Exoplanets − hidden worlds and the quest for extraterrestrial life

By Donald Goldsmith Reviewed by Roger Dymock
Harvard University Press 2018254 pages
Price £17.95ISBN:978- 0-67497-690-0


Donald Goldsmith is a member of the International Astronomical Union and President and owner of Interstellar Media. He has written several books on astronomical topics and has received awards for science communication and astronomical popularisation. The book describes the various methods of searching for exoplanets, e.g. radial velocity, transits, direct observation, orbital brightness modulation and gravitational microlen-sing.

Two methods tried unsuccessfully also get a mention – radio observations, and starlight polarisation. Reference is made to Earth-bound observatories and space telescopes, present and future, and their potential for finding and increasing our knowledge of exoplanets. The various categories of exoplanets and exosolar systems are described, plus how they differ from our home planet and solar system. The difficulties of journeying and communicating across the vast distances to the nearest exoplanets is covered in the final chapter.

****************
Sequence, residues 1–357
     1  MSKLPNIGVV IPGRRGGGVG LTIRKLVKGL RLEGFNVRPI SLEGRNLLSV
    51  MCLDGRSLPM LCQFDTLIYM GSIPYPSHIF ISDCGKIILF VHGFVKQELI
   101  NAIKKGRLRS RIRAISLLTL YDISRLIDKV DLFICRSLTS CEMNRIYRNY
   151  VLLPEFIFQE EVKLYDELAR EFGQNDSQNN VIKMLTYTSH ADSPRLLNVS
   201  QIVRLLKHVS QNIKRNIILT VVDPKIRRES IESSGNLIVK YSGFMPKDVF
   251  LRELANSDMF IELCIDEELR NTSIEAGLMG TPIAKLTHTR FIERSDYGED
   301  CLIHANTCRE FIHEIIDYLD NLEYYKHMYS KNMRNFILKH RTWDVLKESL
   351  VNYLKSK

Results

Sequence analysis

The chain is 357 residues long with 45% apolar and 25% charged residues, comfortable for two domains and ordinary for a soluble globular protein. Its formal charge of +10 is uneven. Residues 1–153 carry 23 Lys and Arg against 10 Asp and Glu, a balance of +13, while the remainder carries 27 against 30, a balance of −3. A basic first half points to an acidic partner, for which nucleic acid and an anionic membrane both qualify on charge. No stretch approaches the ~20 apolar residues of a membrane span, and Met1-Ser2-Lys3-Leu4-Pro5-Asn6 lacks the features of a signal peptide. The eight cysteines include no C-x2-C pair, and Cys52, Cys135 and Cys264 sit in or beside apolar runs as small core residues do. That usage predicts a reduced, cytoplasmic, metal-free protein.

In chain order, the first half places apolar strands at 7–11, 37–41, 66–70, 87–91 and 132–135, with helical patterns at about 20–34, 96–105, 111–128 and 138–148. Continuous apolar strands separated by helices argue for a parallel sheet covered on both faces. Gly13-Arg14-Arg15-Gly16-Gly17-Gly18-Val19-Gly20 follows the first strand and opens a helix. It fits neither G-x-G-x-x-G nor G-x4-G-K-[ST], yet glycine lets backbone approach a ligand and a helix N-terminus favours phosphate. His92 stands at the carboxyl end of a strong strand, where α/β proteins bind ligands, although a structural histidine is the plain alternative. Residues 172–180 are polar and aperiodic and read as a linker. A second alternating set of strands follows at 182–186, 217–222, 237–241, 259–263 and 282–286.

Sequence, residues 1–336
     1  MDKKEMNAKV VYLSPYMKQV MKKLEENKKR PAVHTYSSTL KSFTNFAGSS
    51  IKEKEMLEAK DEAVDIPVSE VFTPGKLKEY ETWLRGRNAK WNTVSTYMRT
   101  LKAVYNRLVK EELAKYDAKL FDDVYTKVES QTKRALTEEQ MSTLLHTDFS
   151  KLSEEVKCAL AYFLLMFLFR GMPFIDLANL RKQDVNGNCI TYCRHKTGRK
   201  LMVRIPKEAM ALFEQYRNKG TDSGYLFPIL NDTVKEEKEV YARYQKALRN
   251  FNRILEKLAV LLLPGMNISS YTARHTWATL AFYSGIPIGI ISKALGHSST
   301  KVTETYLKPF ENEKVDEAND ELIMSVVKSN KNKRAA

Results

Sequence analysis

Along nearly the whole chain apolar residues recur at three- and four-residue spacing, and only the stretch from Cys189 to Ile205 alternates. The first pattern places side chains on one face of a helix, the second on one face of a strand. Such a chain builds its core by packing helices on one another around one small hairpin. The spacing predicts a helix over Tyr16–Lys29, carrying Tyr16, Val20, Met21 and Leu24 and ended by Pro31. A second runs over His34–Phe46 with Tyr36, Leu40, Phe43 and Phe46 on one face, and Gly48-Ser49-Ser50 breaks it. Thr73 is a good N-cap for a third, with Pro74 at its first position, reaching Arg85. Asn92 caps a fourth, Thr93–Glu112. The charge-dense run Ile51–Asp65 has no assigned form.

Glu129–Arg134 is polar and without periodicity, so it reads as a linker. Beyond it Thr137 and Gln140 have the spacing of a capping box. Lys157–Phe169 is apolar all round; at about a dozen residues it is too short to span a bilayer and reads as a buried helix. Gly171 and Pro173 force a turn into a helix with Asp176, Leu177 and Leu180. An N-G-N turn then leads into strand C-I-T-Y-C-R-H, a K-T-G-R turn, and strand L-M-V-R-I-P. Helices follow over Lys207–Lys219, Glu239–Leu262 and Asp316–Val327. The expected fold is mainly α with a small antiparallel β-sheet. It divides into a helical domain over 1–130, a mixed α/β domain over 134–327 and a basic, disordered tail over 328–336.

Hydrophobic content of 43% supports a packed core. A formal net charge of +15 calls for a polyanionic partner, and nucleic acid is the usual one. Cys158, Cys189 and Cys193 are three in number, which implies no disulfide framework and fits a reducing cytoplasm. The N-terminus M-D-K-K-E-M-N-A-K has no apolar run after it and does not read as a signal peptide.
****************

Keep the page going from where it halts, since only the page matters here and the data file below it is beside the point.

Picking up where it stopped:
The book’s sleeve states that ‘Earthlings with little background in astronomy or astrophysics can understand and enjoy (this book)’ but my view is that ‘little’ should be replaced by ‘some’ or in some cases ‘quite a bit’. As an example of the latter there is a quote by Carl Sagan ‘it is likely that the first self-replicating polynucleotides [on Earth] developed in the oceans, and were benthic rather than pelagic’. A dictionary or Google was very necessary at this point. The book is not an easy read, as there is little flow to the content. I am reminded of that now famous quote by comedian Eric Morecombe when accompanying, on the piano, an orchestra conducted by Andre Previn: ‘I’m playing all the right notes but not necessarily in the right order’. A more systematic approach starting with how planetary systems are formed, how exoplanetary systems compare with the solar system, how life develops and might have developed on worlds different from our own, followed by detection methods and future prospects might make for an easier read.

The title includes the words ‘the quest for extraterrestrial life’ but this topic gets little coverage being limited to a single chapter. The book could certainly be better illustrated. There are very few diagrams (but six lightcurves?) which are quite small, and not one single image of an exoplanet or diagram of an exosolar system. As you may have guessed by now I am not very impressed by this book. Two books on the subject that I would recommend are ‘How to find a habitable planet’ by James Kasting and ‘The hunt for alien life – a wider perspective’ by Peter Linde.

Roger Dymock has recently taken up the position of Assistant Director, Exoplanets – the newly formed Exoplanet Division being part of the Asteroids & Remote Planets Section. He is the author of Asteroids and dwarf planets and how to observe them and has been an active observer of asteroids and comets.

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